Friday, October 7, 2016

Our South Island Adventure Day Seven

Bluff to Stewart Island

There are only two ways to get from the mainland to Stewart Island: ferry or plane. I thought the former was the lesser of two evils. Now I’m not so sure. (Apparently it was a calm crossing.)

There was a shock awaiting us on the island. We had booked ahead months ago but accommodation in the mid range had been fully booked and we had decided to give the luxury accommodation a miss and had thus settled on something in the budget range that we thought would be suitable. One look at our accommodation and I was ready to get on the ferry and return to civilisation!

However, I must have absorbed some of that pioneering spirit that has inspired us over the course of the last few days, for I decided to make the most of it. After all, I’ve roughed it before – the only difference is that in the past, I was able to plan ahead and ensure we had what we needed to ‘rough it’. (Oh why didn’t we pack a solar shower?)

Still, it is a pretty place, and once we’d dropped our bags off, we set off on foot to explore. Four and a half hours later we had discovered a stone house that once housed a family of eleven, visited a [disappointing] lighthouse, explored a beautiful and secluded bay, and become quite expert at bird watching.



Our host is rather eccentric … like our accommodation. Thankfully some other guests arrived and we now know how and where to have a hot shower. You can cope with a lot as long as you can have a hot shower! (Up to this point we had imagined we would be showering the way we did in Indonesia: scooping cold water from a bucket and pouring it over ourselves.)

One of the challenges I have had this holiday has been pain in both shoulder blades. I don’t know if this is from the long hours of sitting in a car, from tension (it always seems to go to my upper back and I had had some emotional upheaval before we left for our holiday), or a combination of both (I’m thinking this most likely). DH also seems to think that my knitting on the plane and in the car hasn’t helped. He could be right. But whatever the cause, this is when a hot shower is so very welcome. At least I know this is now a possibility.

Whatever the shortcomings of our accommodation there is much surrounding us to create awe and wonder.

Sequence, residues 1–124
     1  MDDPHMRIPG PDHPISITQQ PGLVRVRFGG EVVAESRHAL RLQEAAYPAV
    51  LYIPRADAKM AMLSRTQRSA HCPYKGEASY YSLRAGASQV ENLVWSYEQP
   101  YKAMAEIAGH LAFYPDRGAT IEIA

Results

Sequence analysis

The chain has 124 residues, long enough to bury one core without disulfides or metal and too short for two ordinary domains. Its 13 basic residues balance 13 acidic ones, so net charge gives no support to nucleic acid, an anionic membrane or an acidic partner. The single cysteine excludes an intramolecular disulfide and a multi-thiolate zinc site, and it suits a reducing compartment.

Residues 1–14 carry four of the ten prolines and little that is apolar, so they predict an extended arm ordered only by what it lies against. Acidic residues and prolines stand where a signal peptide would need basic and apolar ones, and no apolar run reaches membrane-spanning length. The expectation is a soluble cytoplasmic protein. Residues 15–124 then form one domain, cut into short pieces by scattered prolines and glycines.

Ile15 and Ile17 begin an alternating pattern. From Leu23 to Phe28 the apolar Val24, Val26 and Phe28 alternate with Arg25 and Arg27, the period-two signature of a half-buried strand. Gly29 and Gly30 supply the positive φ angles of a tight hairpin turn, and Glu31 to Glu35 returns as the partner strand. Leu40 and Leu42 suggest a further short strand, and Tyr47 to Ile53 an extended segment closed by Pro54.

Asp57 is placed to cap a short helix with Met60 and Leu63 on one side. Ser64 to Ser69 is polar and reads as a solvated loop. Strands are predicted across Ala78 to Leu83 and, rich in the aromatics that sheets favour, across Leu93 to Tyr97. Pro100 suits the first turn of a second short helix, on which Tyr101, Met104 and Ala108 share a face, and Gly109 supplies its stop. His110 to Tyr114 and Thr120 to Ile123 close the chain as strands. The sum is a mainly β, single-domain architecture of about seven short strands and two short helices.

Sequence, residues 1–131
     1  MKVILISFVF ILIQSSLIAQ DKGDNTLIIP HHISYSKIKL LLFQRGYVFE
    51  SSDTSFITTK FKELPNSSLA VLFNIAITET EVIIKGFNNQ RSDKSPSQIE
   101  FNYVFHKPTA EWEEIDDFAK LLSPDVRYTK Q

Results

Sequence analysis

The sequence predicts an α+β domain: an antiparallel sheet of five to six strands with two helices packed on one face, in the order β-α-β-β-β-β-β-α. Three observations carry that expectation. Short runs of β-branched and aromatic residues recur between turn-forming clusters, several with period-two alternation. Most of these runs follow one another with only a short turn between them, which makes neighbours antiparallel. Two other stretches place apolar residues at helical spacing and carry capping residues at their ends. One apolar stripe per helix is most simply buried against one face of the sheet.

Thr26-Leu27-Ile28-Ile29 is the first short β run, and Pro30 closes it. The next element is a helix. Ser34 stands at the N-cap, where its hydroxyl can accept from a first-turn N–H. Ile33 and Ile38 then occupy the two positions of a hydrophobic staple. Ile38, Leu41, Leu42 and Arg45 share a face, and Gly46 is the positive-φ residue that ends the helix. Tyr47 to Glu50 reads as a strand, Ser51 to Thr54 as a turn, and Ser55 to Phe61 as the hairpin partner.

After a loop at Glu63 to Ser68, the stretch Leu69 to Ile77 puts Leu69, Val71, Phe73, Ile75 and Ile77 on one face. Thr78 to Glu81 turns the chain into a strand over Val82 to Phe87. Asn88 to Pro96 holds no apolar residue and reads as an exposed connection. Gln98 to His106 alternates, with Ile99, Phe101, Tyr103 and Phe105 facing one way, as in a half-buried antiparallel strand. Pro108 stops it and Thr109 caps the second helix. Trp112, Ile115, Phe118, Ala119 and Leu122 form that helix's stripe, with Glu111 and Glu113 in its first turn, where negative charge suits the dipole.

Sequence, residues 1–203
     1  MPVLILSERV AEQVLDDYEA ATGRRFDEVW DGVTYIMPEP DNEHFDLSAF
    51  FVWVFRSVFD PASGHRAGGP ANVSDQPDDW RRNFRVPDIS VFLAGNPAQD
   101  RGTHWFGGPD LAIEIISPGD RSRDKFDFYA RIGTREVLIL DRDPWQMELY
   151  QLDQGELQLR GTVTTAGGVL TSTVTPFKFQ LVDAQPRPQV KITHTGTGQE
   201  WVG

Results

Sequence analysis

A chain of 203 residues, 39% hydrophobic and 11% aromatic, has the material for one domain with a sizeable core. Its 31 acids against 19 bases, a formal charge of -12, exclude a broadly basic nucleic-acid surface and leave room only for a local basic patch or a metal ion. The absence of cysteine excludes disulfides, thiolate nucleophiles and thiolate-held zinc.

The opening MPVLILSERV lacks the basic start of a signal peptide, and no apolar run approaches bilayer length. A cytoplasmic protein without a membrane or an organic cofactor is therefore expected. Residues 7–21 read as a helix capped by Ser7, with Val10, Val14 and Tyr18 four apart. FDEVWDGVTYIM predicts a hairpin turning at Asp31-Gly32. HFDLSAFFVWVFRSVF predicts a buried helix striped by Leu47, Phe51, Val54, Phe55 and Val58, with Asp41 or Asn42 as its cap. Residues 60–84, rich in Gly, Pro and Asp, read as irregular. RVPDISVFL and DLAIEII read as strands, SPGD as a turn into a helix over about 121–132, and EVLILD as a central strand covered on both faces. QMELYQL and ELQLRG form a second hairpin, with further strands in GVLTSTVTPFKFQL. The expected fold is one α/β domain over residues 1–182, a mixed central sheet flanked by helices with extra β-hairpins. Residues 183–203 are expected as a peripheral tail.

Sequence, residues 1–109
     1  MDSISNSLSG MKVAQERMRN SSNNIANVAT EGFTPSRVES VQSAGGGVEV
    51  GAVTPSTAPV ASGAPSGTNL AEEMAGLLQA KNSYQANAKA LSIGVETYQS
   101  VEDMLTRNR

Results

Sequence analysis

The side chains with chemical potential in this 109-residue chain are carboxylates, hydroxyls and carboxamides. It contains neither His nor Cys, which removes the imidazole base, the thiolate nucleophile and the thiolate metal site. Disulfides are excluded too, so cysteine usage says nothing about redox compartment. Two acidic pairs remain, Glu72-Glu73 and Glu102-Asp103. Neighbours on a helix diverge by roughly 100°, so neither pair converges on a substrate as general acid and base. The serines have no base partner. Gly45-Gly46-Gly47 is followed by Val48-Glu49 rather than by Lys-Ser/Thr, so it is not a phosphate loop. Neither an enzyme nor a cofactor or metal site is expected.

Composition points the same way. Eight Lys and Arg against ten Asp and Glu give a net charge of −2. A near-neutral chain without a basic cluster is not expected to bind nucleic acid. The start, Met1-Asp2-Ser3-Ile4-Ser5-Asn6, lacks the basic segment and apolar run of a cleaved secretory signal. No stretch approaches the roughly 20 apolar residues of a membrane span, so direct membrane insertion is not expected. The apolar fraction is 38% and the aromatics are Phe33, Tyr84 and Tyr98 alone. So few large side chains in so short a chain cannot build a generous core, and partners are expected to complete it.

For by Him all things were created that are in heaven and that are on earth, visible and invisible, whether thrones or dominions or principalities or powers. All things were created through Him and for Him. Colossians 1:16 (NKJV)

(Note: This website contains a wealth of information about Stewart Island, getting there, places to stay, things to do, etc. The place where we stayed is not listed on this website and we have not experienced the other ones listed under budget accommodation and therefore cannot comment or make recommendations.)

Thursday, October 6, 2016

Our South Island Adventure Day Six

Piopiotahi (Milford Sound) to Bluff

Whereby we escape sand flies. I suspect this must be the only place in the world where sand flies are honoured! DH has accused me of waving at strange men (no doubt in part because a strange man waved at me in Te Anau apparently after I smiled at him – I didn’t but he obviously thought so – and DH has used the incident to his advantage to tease me unmercifully) but I’ve only been batting the flies away. Considering I react badly to sand fly bites, I have emerged relatively unscathed. Tally so far = one.

And whereby we are officially back in Southland after two days in Fiordland. Even now I’m not sure if we’re fully in Southland as Fiordland is on one side of the road and Southland the other, but for simplicity’s sake let’s call it Southland.



It was cloudier driving out than it had been in, and definitely shorter since we made less stops. We travelled via Manapouri (where we stopped at Pearl Harbour) ...

... Clifden (where we stopped to explore limestone caves and also an historic suspension bridge ...and photograph two chickens outside the caves) ...